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Cases in Chancery
 (1883-1884)
Cases in Queen's Bench (1883-1884)
Volume 76 of The Law Times, 'The Journal of The Law and The Lawyers', a weekly publication, runs from 3 November 1883 to 26 April 1884. Much of the journal is taken up with law reports, leading articles, &c., and the 'Solicitors' Department' contains several regular features of great interest. The court lists enable us to follow the progress of cases scheduled to be heard in the high courts. Many of these cases never actually came to be heard, litigation ceasing whilst in preparation, or being resolved 'at the door of the court'. In almost all cases the parties are referred to by surname only. The lists of cases pending for trial or hearing in the Queen's Bench Division are sub-divided into 'New Trial Paper', 'Special Paper' and 'Crown Paper'.

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Cases in Queen's Bench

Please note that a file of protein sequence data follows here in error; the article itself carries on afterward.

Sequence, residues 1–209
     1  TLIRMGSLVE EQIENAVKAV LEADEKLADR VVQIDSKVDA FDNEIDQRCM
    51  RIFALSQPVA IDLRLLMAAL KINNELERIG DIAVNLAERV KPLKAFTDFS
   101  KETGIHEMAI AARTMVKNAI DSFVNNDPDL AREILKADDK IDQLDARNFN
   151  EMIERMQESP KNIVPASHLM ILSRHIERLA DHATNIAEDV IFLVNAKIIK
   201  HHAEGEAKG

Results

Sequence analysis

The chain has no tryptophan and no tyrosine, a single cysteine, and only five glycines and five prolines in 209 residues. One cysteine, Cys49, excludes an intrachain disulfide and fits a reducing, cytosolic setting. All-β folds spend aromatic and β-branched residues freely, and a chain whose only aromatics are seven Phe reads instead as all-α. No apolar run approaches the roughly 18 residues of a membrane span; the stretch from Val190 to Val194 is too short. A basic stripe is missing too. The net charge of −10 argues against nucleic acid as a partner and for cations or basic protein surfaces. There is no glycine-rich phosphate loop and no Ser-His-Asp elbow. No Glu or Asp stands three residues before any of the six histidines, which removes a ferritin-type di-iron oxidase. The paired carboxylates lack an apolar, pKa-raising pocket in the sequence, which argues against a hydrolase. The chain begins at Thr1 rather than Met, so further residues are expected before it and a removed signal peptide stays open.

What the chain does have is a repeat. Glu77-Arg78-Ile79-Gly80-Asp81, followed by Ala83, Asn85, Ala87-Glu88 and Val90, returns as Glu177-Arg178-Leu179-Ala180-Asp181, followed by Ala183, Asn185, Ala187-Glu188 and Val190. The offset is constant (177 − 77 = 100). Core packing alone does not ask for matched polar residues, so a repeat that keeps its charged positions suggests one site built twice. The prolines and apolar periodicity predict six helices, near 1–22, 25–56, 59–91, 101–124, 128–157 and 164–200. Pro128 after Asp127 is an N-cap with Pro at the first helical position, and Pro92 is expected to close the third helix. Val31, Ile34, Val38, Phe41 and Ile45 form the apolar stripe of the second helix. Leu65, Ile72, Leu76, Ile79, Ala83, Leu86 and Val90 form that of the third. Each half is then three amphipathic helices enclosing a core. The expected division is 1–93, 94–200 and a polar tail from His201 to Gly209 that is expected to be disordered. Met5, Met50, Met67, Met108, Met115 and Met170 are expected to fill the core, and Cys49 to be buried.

(1883-1884)
Creditors under 22 & 23 Vict. c. 35 (1883-1884)
Volume 76 of The Law Times, 'The Journal of The Law and The Lawyers', a weekly publication, runs from 3 November 1883 to 26 April 1884. Much of the journal is taken up with law reports, leading articles, &c., and the 'Solicitors' Department' contains several regular features of great interest, including 'Creditors under 22 & 23 Vict. c. 35'. That was a piece of legislation introduced to protect executors and administrators from litigation (whether from kin or from creditors) after the assets of the deceased had been distributed, by allowing the publication of notices stipulating a Last Day of Claim, absolving the estate from later demands. These lists are therefore effectively those of the recently deceased whose affairs were in the process of being wound up; the index covers both the deceased and their solicitors.